Cabanel is known for one artwork in particular: The Birth of Venus (1863). This work is often brought up as an example of Academic painting. In one scene in the 2006 BBC docudrama The Impressionists, this work is shown in front of the Salon jury to represent Academic tastes of the time. In the scene, it’s pointed out that the work is “by one of our medalled artists, so – no vote to be taken”, implying that an artist like Cabanel would easily be accepted into the Salon without even a vote. It’s easy to see why: the work is incredibly idealised, and is a great example of the Academic female nudes I write about here.
By now you’ll hopefully have noticed that there’s a trend amongst the Academic painters: they were male, they often emphasised the nude body (usually the female one), and they loved mythology, history, and classical literature. Bouguereau was no exception. He was incredibly popular in both France and the U.S. during his lifetime and received multiple awards and honours. His painting The Birth of Venus (1879) (yep – this was a popular subject for artists at the time) is another great example of the over-the-top female Academic nude.
Bouguereau was also the leader of the conservative Société des Artistes Français (Society of French Artists). After the École des Beaux-Arts gave up control of the Salon, it passed into the hands of this organisation, before basically disappearing completely.
Jean-Léon Gérôme is perhaps best known today for his Orientalist paintings. Art historian Linda Nochlin famously used his painting The Snake Charmer (1880) as an example in her essay The Imaginary Orient (1989), building upon Edward Said’s concept of Orientalism. She pointed out how the image was built up as an Orientalist fantasy for the gaze of the Western viewer. Gérôme was a highly distinguished painter in the Salons; however, after he exhibited the slightly controversial L’exécution du maréchal Ney (The Execution of Marshal Ney) in the 1868 Salon, he got on the bad side of many art critics who felt that he was bringing politics into art in a negative way. The painting was still accepted into the Salon, based on its history painting techniques, but its inclusion gives you some ideas as to how the Salon was beginning to change. Eventually it would give way to multiple Salons and public exhibitions by the end of the 19th century.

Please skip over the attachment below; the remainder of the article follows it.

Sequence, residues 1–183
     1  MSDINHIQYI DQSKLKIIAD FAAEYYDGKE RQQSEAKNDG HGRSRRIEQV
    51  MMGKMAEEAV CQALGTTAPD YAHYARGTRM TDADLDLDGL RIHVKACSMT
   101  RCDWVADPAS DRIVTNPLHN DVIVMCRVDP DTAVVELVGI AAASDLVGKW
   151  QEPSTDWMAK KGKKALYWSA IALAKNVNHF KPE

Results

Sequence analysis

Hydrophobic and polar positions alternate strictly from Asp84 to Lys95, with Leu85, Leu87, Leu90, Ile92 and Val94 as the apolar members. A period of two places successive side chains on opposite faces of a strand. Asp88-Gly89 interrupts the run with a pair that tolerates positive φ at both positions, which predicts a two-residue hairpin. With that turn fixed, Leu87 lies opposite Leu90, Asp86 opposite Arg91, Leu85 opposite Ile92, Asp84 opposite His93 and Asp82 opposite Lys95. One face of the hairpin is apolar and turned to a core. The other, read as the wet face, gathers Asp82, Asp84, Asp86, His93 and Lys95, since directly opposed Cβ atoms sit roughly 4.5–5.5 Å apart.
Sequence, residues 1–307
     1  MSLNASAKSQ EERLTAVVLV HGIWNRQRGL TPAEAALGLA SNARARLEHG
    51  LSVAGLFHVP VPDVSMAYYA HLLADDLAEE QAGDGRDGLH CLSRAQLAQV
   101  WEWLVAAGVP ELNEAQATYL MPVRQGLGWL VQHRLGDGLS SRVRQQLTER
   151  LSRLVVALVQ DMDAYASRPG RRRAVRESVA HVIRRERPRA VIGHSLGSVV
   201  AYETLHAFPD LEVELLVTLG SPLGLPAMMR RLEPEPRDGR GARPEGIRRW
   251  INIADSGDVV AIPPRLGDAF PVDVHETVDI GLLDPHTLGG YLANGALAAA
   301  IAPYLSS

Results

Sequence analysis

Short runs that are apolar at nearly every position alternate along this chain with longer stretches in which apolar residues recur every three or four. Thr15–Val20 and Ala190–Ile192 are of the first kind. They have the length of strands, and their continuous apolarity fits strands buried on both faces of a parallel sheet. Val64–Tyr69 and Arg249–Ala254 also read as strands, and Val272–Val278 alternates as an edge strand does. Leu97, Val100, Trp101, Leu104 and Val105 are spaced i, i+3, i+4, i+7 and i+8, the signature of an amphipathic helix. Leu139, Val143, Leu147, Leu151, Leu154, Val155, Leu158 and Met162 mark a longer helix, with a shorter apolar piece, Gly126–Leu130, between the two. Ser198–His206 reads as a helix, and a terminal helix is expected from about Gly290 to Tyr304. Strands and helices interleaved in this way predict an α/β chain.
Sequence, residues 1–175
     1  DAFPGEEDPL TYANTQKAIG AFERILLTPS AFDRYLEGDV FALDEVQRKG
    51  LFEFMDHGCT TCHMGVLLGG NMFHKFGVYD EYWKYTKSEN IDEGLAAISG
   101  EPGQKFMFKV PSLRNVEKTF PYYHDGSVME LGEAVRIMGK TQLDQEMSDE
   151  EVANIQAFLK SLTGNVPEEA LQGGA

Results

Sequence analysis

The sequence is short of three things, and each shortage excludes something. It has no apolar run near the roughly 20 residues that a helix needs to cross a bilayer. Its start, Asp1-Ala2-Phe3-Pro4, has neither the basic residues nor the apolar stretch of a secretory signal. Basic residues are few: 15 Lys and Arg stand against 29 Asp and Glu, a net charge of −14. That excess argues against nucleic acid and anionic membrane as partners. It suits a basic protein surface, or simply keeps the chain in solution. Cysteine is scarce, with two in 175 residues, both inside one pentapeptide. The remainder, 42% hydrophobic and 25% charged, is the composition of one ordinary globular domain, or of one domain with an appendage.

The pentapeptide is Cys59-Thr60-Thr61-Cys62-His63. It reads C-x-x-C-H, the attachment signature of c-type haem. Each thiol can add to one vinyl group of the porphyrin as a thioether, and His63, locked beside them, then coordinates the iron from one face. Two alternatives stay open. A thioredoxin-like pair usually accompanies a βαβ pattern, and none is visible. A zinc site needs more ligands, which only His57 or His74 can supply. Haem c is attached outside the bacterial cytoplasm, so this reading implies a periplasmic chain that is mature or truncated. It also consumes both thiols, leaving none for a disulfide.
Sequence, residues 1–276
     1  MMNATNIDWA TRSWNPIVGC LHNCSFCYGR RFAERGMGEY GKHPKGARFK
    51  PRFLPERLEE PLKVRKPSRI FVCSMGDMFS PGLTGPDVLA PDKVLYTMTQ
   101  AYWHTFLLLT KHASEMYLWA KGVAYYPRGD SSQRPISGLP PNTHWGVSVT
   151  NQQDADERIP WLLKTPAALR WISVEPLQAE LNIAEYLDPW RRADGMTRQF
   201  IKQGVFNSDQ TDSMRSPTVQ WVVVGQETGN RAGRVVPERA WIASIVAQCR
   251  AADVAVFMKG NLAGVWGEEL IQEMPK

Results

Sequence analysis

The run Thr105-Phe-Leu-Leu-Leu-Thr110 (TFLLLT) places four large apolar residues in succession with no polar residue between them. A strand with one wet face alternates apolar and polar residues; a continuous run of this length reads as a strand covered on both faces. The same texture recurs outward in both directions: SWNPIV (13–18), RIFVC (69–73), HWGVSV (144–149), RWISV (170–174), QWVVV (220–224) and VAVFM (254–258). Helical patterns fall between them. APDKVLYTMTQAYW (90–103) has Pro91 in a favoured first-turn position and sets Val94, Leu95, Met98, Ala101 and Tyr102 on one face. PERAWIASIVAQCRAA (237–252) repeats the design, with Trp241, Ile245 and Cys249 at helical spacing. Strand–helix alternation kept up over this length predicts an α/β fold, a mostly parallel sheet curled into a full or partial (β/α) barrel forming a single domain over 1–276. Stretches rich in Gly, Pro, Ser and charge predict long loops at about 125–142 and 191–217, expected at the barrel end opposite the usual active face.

The Impressionists: Conclusion
The Impressionists started exhibiting in the 1870s, and although their art was controversial at first, it rapidly became popular and Academic art quickly fell out of favour. By the end of the 19th century, Impressionism was already starting to become old-fashioned and new exciting art movements were taking its place. However, (without me going into too much detail), it’s important to remember two things: 1) the profound impact that Impressionism had on the art scene at the time, but also 2) that there was no clean break between Academicism and Impressionism.
The Impressionists were controversial and revolutionary, yes, but they were also in many ways tied to the Academic institution. Many Impressionists, for example, were taught by Ingres, were exhibited in the Salon, and were inspired by Classical artists, and so on. The complex tastes of the art world in Paris and the art-viewing public were both traditional and rapidly evolving. (But regardless, I think we can all agree that a lot of Academic art looks pretty silly today.)